All Commentary
Wednesday, February 1, 1995

The Index of Leading Cultural Indicators: Facts and Figures on the State of American Society

Government Has Failed Miserably at Its Primary Function

William J. Bennett, best-selling author of The Book of Virtues, has produced another dandy little volume, this one geared towards fast, easy consumption and future reference. The Book of Virtues is an implicit companion, if only to indicate what’s been missing in our society. Leading Cultural Indicators, however, stands alone. Its strength lies in the explicit message of chilling statistics.

Bennett’s new book is a compendium of charts and graphs extracted from various government and private research sources and is divided into five chapters: Crime; Family and Children; Youth Pathologies and Behavior; Education; and Popular Culture and Religion. There are also appendices on social spending and related economic indicators. The twelve-page introduction is perhaps the best and certainly the most succinct critique yet written on the destructive legacy of the Counterculture.

One of the salient points, easily drawn from data in the book, is that government solutions compound social problems. For instance, the growth of social ills literally parallels the growth in government social spending. While welfare gets 630 percent more money today than in 1960, long-term static dependency has actually increased. Of course, escalating welfare and social spending costs have translated into real tax burdens on working families with children.

The hardest hit are the working poor and the dependent poor themselves. The data indicate that, by co-opting or undercutting individual responsibility, government paternalism not only breeds dependency but depresses the economy and precludes the kind of long-term economic growth that would provide permanent solutions. Indeed, it is clear that the staggering tax burden increases all kinds of stress on families, and many households have simply been unable to survive.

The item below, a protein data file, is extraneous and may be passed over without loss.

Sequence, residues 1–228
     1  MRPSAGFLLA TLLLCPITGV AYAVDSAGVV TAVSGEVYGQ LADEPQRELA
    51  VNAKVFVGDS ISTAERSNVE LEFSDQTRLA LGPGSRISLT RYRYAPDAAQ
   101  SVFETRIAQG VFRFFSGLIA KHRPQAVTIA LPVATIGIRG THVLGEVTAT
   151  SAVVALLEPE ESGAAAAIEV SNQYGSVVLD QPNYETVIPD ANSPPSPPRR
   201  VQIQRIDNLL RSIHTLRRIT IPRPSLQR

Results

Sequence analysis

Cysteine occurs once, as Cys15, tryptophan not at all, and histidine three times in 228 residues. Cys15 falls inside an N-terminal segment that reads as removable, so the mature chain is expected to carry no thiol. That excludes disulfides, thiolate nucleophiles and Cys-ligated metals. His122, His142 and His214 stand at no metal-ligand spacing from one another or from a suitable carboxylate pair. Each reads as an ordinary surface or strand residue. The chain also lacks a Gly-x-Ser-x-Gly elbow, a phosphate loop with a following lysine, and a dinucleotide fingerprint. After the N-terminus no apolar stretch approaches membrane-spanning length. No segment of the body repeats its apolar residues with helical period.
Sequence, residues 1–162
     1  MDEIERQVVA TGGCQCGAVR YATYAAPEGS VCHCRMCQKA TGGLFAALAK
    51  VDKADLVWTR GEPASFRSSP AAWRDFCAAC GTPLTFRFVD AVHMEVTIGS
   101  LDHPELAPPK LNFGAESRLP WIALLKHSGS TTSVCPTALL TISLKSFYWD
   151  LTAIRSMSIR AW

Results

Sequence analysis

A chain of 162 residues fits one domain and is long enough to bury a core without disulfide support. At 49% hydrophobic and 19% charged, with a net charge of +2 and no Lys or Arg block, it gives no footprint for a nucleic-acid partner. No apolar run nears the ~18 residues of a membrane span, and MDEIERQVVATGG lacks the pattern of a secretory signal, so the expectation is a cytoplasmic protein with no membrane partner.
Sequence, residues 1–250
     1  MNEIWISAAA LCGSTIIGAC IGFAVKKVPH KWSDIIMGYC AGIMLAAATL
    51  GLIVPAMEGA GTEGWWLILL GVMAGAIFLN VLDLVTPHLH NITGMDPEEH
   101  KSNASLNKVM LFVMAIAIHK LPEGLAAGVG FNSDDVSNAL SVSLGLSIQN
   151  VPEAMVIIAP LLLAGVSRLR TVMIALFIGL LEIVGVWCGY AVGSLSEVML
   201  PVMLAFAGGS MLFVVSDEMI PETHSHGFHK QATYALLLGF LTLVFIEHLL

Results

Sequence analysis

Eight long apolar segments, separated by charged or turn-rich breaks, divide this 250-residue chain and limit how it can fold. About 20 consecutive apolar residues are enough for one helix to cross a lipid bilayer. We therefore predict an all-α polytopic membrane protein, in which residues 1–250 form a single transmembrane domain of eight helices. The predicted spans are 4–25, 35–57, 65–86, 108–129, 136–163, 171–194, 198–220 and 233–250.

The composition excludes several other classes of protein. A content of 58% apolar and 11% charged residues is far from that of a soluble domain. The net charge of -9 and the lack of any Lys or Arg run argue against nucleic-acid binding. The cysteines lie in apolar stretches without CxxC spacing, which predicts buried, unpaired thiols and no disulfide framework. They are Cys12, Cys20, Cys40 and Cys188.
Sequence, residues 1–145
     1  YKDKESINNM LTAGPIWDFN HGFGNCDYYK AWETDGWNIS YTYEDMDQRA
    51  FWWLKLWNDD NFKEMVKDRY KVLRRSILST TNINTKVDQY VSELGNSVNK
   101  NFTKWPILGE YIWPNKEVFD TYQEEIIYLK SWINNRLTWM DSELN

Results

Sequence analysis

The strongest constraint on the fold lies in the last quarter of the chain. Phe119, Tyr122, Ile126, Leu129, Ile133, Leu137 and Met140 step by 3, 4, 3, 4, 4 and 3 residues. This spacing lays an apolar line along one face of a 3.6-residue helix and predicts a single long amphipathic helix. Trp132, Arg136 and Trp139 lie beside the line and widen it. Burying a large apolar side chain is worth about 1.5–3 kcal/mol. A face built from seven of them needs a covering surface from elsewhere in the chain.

The divorce rate has more than doubled since 1960 and is the highest in the world, although down slightly from its peak in the early 1980s. There is a smaller percentage of households with married couples in the United States today than there has been for two centuries. Nearly one in two U.S. households is headed by single parents or involves some other non-traditional living arrangement. Abortions have skyrocketed since 1972, while one-third of all births in the United States today are out of wedlock. Fully seventy percent of African-American births in the United States are illegitimate. Moreover, the linkage between the breakdown of the American family, poverty, and the incidence of social pathologies is well-established in the data.

Government has failed miserably its primary function of protecting law-abiding citizens from criminals. There has been a more than 500 percent increase in violent crime over the past thirty years. Yet the data show crime increasing and punishments declining both qualitatively and quantitatively. Public toleration, however, must also share the blame. The sad fact of the matter is that many in society doubt they even know basic right from wrong, or if they do, their own self-esteem is so low as to mute public demand for retribution.

Leading Cultural Indicators includes some legislative proposals in the introduction, and while they strive to be “mainstream,” rather than representative of a partisan political agenda or particular philosophy, they belie Bennett’s own compromise with big government solutions. In each case his solutions may represent improvement in policy over the status quo, but the people only get a more benevolent master. The apparatus of the State is the problem, and it is hard to imagine the imposition of federal sentencing guidelines, national educational standards and a national core curriculum, federal tax incentives (conservative social engineering), IRS-directed garnishment of pay for dead-beat dads, and government identification of fathers by Social Security number are the kinds of things that are needed. They offer no long-term solace from Leviathan; worse they are likely to be the wellspring of present and future bureaucratic abuses and myriad government intrusions.

The book does, however, successfully issue a clarion call to concerned citizens. The data are highly useful and indicate that we are a society in crisis. The trends chart a decline of our civilization over some thirty years. Bennett acknowledges that government alone cannot arrest the negative social trends he identifies; indeed, only individual responsibility and appropriate voluntary collective action can do so. We should add that it would be most prudent to do so.

Mr. Riddle is a faculty member at the U.S. Military Academy, West Point, where he teaches American History.